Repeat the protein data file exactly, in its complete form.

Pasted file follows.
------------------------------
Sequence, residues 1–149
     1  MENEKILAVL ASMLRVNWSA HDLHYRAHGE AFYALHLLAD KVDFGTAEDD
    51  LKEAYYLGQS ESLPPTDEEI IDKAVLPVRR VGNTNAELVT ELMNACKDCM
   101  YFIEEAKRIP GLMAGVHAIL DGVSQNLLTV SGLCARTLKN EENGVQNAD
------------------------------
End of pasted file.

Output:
Sequence, residues 1–149
     1  MENEKILAVL ASMLRVNWSA HDLHYRAHGE AFYALHLLAD KVDFGTAEDD
    51  LKEAYYLGQS ESLPPTDEEI IDKAVLPVRR VGNTNAELVT ELMNACKDCM
   101  YFIEEAKRIP GLMAGVHAIL DGVSQNLLTV SGLCARTLKN EENGVQNAD